Nico Rosberg made it five straight wins in Formula One when he took the fluttering flag in Sunday’s Bahrain Grand Prix. He may ponder, with a winsome smile, that he is unbeaten in six months, since Lewis Hamilton won in Austin in October to take his third world championship.
Stoffel Vandoorne made a memorable qualifying debut for McLaren, finishing 12th on the grid for Sunday’s Bahrain Grand Prix – two places ahead of his vastly experienced team-mate Jenson Button.
Bernie Ecclestone has dismissed the increasingly militant stance taken by Formula One’s drivers, insisting they are only repeating what the teams have told them to say about the way in which the sport is run.
Denmark boss Age Hareide watched his side lose 1-0 to Scotland on Tuesday night.
Lewis Hamilton supporters concerned that his only serious rival, Nico Rosberg, has topped the podium on the past four occasions will not have their worries assuaged by the news that their concerns are shared by the three-times world champion himself.
A dejected-looking Jenson Button finished 14th and said: “I don’t think we did a good job today in terms of making the right calls – probably the worst from us for a few races.
Nico Rosberg started the new Formula One season much as he finished the last, with victory in an often thrilling Australian Grand Prix here on Sunday.
It was a head-scratcher, that’s for sure.
The success or failure of the 2016 Formula One season as a sporting spectacle is in the hands of a quietly spoken Cambridge graduate with a private passion for flying an 80-year-old Auster aircraft over the English countryside.
Formula One world champion Lewis Hamilton refused to answer questions over his controversial bike selfie in New Zealand when he appeared at an FIA press conference at Albert Park on Thursday.
Ahead of the inaugural Formula E race weekend we're taking a look at the series' runners and riders. Next up, Audi Sport Abt, who will field Lucas di Grassi and Daniel Abt.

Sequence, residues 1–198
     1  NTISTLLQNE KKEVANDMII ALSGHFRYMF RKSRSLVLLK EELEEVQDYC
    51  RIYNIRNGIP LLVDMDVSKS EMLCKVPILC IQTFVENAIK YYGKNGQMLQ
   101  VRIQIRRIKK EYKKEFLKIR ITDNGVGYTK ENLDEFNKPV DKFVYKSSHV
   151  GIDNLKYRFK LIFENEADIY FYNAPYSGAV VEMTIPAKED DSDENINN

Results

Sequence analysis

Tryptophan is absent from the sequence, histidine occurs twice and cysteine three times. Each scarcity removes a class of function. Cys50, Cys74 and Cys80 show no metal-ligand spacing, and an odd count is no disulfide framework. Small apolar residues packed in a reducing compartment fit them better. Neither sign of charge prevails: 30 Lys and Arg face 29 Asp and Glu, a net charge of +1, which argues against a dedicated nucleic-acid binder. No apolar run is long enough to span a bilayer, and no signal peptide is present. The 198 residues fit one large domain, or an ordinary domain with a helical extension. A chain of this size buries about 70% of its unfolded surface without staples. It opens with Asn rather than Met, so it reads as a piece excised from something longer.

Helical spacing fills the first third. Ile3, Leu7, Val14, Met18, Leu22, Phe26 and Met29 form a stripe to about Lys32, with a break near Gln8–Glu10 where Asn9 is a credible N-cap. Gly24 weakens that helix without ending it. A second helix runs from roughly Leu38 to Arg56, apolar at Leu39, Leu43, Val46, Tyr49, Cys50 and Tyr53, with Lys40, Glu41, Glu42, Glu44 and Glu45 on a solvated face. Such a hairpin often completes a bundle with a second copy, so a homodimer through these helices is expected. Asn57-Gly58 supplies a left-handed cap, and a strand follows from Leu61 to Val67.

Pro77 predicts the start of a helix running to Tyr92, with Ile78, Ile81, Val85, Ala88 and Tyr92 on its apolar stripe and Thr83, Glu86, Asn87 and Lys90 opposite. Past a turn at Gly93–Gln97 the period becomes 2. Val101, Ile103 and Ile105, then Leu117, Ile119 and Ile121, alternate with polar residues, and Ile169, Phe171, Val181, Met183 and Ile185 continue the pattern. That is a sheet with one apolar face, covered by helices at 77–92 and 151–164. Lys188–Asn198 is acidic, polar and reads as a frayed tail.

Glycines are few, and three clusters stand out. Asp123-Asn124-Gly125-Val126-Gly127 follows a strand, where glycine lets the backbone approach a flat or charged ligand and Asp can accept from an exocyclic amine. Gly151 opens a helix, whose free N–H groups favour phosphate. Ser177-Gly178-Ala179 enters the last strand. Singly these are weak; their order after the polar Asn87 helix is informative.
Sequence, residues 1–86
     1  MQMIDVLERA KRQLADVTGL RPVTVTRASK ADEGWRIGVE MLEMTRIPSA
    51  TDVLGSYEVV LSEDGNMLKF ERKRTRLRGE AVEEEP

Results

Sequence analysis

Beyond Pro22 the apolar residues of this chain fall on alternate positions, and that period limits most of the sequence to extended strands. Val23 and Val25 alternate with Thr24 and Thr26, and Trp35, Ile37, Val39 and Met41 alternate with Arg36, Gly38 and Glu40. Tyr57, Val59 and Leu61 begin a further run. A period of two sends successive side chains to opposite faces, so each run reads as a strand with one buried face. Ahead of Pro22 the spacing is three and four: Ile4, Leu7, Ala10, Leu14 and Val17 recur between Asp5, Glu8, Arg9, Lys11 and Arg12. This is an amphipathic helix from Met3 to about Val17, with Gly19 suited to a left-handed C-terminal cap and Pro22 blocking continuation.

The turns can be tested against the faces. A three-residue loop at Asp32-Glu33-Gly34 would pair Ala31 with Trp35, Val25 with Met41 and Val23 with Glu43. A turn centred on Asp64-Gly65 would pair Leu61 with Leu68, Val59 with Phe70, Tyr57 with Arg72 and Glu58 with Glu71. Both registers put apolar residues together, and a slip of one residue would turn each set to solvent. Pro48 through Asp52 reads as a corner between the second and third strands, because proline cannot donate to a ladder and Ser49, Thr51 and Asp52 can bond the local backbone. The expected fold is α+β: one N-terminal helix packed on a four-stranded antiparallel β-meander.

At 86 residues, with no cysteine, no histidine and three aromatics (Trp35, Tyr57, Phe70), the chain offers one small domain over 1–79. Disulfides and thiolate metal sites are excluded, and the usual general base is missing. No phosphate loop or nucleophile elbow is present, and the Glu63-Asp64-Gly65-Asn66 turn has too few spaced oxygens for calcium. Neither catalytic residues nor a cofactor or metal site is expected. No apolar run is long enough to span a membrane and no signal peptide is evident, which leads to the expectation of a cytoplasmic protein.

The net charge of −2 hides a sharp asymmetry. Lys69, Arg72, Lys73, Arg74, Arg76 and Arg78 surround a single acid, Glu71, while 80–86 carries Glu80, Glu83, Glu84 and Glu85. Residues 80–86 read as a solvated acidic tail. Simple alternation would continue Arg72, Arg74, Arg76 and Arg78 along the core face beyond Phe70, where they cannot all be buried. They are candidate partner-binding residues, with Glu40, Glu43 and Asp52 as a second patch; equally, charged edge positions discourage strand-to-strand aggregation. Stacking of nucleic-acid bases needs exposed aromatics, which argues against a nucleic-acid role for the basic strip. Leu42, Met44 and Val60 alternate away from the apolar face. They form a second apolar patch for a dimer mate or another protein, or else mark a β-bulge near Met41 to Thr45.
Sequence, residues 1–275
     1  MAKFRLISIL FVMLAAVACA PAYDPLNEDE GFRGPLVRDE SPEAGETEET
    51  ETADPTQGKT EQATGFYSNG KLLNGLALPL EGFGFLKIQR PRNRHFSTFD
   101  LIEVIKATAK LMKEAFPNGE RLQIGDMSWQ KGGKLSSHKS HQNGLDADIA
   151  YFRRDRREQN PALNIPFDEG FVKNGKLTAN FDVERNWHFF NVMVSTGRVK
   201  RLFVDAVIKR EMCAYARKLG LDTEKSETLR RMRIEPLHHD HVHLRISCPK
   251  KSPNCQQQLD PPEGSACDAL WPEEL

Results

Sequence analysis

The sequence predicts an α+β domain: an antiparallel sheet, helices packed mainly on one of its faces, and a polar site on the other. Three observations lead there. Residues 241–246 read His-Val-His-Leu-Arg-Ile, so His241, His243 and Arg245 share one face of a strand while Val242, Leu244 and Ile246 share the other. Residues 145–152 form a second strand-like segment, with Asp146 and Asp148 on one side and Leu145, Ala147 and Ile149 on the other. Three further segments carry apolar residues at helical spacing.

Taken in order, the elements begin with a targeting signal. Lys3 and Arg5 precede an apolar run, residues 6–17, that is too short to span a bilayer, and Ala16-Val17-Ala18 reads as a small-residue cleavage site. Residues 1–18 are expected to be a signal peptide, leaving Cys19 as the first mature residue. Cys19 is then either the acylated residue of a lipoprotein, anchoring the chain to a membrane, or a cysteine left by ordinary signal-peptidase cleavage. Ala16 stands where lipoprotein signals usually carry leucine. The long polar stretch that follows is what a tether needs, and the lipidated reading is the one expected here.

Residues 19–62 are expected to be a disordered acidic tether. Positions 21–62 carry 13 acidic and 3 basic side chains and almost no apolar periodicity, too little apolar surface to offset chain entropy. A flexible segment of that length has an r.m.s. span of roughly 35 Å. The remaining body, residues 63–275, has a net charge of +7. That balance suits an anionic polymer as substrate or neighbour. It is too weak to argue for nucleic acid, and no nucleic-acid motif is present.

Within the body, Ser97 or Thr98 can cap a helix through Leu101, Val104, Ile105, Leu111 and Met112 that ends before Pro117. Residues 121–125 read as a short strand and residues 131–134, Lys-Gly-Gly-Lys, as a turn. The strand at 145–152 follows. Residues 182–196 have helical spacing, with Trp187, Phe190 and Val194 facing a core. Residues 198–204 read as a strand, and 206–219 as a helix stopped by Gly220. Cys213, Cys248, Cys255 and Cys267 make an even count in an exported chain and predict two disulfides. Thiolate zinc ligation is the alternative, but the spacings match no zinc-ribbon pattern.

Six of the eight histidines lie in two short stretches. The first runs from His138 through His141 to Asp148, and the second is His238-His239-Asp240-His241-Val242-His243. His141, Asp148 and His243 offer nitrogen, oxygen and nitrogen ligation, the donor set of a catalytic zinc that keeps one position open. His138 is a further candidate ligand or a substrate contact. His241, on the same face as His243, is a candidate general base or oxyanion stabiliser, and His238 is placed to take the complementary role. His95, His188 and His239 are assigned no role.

Few circuits stir the heart quite like Spa-Francorchamps, one of the grandest of the grand old tracks. Whether bathed in sunshine or lurking in the rain, sometimes both in the space of the same race, it winds its way through the forests of the Ardennes, a heady mixture of challenge and reward. If Formula One belongs anywhere, it is here and if one team belong here then they are McLaren, who approached this weekend with optimism, if not so much for this race as for a future to match their storied past.
When racehorses are injured beyond repair and have to be put down on the course, large green screens are used to shield spectators from the grisly deed.
The walls are wobbling at the big red house called Ferrari.
In Germany on Saturday evening Lewis Hamilton spoke out against the rejection of the halo head protection device for 2017 – but perhaps he already has one. For in recent races there has been a nimbus hanging over his colourful helmet, a luminous cloud of stardust that sets him apart from his fellows.
With the much anticipated second half of the F1 season resuming this weekend at the famous Spa-Francorchamps circuit in Belgium, there was opportunity and disappointment in store from the outset of the weekend.
If Nascar is the pinnacle of American Stock car racing then Legend and Bandolero racing is ground zero, a way in to the sport for youngsters and a very cheep way to race for middle aged men.
The expected challenge to the front-runners from Red Bull simply didn’t materialise at the Hungaroring.
Nico Rosberg took victory in an incident-filled Belgian Grand Prix, as Lewis Hamilton finishes third from the back row.
Before a race he has only won once – the Hungarian Grand Prix – it seems Fernando Alonso is not happy with the state of Formula One, but a relative lack of success at the Hungaroring is the least of his concerns.